Nikon D7200 For Dummies
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In certain exposure modes, the built-in flash on your Nikon D7200 is set by default to fire automatically if the camera thinks that the ambient light is insufficient. In other modes, you have to manually enable flash. Here's the breakdown:

  • Autoexposure mode, all Scene modes that permit flash except Food mode, and Color Sketch Effect mode: After you press the shutter button, the camera automatically pops up the built-in flash if it finds the ambient light insufficient. If you don't want to use flash, you may be able to disable it by changing the Flash mode to Flash Off, as explained in the next section.

  • P, S, A, and M modes and the Food Scene mode: You control whether the flash fires. To pop up the built-in flash, press the Flash button on the side of the camera. Don't want flash? Just press down gently on the top of the flash to close the unit. Except for when you shoot in the Food Scene mode, you also have the option of leaving the flash up and setting the Flash mode to Flash Off.

    In P, S, A, and M modes (and the Food Scene mode), raise the built-in flash by pressing the Flash b
    In P, S, A, and M modes (and the Food Scene mode), raise the built-in flash by pressing the Flash button.

    The camera keeps the flash charged as long as the unit is up, so to save battery power, close the flash unit when possible.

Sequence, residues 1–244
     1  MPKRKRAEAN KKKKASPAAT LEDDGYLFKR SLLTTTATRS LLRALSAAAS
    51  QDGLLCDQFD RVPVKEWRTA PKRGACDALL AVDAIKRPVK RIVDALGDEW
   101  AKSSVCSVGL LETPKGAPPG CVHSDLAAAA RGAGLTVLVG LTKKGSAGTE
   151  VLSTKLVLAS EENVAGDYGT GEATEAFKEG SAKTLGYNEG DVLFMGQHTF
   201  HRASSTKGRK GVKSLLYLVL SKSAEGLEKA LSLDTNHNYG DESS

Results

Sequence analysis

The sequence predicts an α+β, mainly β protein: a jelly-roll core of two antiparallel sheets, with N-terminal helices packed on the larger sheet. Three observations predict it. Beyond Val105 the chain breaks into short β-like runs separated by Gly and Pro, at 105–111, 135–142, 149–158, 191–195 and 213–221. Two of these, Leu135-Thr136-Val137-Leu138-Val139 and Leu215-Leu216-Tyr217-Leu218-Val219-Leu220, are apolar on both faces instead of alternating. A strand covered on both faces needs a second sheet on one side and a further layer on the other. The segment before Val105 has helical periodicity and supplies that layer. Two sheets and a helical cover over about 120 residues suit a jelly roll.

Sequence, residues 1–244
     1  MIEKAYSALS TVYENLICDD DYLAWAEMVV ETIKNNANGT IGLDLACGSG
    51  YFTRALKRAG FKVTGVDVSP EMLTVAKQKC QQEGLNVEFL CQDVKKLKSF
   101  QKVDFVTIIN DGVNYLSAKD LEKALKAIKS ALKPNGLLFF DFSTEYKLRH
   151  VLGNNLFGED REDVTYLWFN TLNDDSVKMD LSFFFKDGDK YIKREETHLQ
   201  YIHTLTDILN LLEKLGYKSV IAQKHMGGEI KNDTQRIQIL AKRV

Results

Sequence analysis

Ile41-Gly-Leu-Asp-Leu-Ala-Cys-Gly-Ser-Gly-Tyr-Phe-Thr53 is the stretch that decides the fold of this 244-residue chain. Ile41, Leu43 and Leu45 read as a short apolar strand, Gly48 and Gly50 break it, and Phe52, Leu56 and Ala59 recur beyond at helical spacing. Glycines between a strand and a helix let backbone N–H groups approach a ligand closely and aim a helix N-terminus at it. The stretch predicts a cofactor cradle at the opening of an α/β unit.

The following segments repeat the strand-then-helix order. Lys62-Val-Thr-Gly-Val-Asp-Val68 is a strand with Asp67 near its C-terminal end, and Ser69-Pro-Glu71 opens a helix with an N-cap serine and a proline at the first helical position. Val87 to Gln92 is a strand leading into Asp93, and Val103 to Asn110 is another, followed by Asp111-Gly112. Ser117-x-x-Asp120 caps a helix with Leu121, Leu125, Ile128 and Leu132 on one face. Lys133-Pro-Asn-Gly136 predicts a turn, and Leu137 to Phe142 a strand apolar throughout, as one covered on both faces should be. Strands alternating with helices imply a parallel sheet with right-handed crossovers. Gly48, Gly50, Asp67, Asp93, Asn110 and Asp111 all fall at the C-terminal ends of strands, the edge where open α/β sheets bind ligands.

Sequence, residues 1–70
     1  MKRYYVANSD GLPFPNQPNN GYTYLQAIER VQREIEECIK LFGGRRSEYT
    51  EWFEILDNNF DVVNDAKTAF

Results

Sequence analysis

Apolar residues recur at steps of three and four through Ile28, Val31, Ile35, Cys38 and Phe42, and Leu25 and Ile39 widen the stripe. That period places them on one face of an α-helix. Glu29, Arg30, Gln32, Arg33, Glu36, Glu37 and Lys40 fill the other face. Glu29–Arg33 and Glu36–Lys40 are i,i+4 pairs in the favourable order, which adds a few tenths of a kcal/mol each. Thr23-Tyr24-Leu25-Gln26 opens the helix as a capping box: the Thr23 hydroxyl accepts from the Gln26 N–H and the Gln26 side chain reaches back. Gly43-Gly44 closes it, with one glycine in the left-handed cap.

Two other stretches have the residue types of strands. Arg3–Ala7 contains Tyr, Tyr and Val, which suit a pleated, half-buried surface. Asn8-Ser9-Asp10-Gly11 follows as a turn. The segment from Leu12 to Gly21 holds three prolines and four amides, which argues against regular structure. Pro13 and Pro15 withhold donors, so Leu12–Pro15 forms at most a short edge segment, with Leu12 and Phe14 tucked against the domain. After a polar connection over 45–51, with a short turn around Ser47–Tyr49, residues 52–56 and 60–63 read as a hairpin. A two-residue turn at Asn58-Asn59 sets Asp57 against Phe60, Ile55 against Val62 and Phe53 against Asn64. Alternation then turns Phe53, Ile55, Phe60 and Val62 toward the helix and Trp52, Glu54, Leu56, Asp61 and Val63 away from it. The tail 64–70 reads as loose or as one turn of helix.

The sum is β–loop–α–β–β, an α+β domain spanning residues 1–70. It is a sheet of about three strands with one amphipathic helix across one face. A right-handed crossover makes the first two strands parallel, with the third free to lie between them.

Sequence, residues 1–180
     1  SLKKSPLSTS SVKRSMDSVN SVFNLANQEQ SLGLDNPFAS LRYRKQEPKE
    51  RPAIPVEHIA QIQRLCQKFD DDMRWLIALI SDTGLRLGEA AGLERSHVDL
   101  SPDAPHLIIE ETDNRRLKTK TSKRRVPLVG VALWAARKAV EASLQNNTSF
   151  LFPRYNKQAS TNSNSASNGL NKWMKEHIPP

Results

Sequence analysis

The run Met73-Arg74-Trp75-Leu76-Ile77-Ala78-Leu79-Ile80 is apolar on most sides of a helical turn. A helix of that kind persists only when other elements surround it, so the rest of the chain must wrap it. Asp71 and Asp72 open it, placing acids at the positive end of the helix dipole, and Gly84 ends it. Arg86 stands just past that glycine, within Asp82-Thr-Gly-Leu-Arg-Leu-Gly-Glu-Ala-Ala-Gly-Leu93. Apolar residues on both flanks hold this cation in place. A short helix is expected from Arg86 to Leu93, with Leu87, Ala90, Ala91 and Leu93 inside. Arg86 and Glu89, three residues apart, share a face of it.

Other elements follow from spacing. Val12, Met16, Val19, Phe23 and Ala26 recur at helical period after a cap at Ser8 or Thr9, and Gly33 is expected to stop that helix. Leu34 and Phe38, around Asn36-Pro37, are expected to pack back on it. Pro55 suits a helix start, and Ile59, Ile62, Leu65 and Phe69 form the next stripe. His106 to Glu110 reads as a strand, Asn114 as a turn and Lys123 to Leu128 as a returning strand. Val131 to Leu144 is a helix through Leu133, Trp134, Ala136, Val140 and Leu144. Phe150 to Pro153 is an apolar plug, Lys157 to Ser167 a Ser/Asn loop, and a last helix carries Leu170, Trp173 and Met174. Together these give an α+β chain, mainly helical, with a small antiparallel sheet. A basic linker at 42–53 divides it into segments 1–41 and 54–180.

If the flash doesn't pop up as expected, the problem may be related to the aforementioned Flash Off mode. When this option is enabled, the flash won't come out of hiding no matter how many times you press the Flash button. Try pressing the Flash button while rotating the Main command dial, which changes the flash mode. If that fix doesn't work, don't try to pry the flash up; you could break it for good. Instead, head for a camera-repair shop.

About This Article

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About the book author:

Julie Adair King's history as a digital photography author dates back to 1997 with the publication of the first edition of Digital Photography For Dummies. Since then she has authored over 50 books on digital photography, cameras, and photo editing and design software. She also teaches workshops at various locations including the Palm Beach Photographic Centre.

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